In the case of Tom Brady, the factors are well discussed here. I’d suggest that decoy effects, as described by Dan Ariely in his book Predictably Irrational (p 15, pp 21-22), affected both Tom Brady (comparisons to Drew Henson) and Drew Brees (compared to Vick). Further, Vick was so valued the year he was drafted that he surely affected the draft position of Quincy Carter and perhaps Marques Tuiasosopo (i.e. a coattail effect). If I were to estimate of the coattail effect for Q, it would be about two rounds of draft value.
How to improve the process? Better data and deeper analysis helps. There are studies that suggest, for example, that the completion percentage of college quarterbacks is a major predictor of professional success. As analysts dig into factors that more reliably predict future careers, modern in-depth statistics will help aid scouting.
Still, 10 year self studies of draft patterns are beyond the ken of NFL management teams with 3-5 year plans that must succeed. Feedback to scouting departments is going to have to cycle back much faster than that. For quality control of draft decisions, some metric other than career performance has to be used. Otherwise, a player like Greg Cook would have to be treated as a draft bust.
At some point, the success or failure of a player is no longer in the scout’s hands, but coaches, and the Fates. Therefore, a scout can only be asked to deliver the kind of player his affiliated coaches are asking for and defining as a model player. It’s in the ever-refined definition of this model (and how real players can fit this abstract specification) in which progress will be made.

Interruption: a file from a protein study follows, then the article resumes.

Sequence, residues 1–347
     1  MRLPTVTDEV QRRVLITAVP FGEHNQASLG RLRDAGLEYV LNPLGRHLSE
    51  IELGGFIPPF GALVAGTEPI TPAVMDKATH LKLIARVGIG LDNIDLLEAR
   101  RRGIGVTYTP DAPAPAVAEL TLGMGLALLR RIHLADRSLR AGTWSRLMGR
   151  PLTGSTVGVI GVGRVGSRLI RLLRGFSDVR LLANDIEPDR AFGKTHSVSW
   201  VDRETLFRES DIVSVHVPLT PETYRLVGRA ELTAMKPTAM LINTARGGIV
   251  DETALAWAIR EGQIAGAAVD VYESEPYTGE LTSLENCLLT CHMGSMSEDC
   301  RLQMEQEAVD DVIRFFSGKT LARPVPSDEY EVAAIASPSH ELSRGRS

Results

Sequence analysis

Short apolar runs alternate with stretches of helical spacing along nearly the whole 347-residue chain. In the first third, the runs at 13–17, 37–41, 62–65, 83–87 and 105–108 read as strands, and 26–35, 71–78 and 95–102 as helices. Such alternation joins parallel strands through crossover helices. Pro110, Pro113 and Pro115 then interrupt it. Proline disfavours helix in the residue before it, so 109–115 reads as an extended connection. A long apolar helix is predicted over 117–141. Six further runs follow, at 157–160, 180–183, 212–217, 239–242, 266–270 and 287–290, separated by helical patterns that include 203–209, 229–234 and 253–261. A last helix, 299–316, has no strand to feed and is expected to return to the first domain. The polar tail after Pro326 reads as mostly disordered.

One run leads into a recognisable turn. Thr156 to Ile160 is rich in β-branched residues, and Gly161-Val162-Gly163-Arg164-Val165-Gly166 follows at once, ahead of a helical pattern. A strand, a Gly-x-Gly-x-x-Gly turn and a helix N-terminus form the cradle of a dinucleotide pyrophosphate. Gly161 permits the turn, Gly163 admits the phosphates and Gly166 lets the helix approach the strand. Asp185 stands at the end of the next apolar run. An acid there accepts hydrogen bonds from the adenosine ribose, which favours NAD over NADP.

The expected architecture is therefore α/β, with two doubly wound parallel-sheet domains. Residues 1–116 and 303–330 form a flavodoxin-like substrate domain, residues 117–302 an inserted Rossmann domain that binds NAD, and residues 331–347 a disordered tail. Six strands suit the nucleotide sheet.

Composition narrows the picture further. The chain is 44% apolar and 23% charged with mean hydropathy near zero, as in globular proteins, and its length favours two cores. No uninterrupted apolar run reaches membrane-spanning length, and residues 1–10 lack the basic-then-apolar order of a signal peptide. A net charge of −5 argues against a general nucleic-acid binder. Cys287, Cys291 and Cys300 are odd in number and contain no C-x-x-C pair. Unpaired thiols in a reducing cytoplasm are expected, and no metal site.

Now to note, that’s a kind of progress that’s not accessible from outside the NFL team. Fans consistently value draft picks via the tools at hand – career performance – because that’s what they have. In so doing, they confuse draft value with player development and don’t reliably factor the quality of coaching and management out of the process. And while the entanglement issue is a difficult one in the case of quarterbacks and wide receivers, it’s probably impossible to separate scouting and coaching and sheer player management skills with the kinds of data Joe Fan can gain access to.
So, if scouting isn’t looking directly at career performance, yet BPA advocates treat it as if it does, what does it mean for BPA advocates? It means that most common discussions of BPA theory incorporate a model of value that scouts can’t measure. Therefore, expectations don’t match what scouts can actually deliver.
I’ve generally taken the view that BPA is most useful when it’s most obvious. In subtle cases of near equal value propositions, the value of BPA is lost in the variance of draft evaluation. If that reduces to “use BPA when it’s as plain as the nose on your face, otherwise draft for need”, then yes, that’s what I’m suggesting. Empirical evidence, such as the words of Bobby Beathard, suggest that’s how scouting departments do it anyway. Coded NFL draft simulations explicitly work in that fashion.
Update 6/17: minor rewrite for clarity.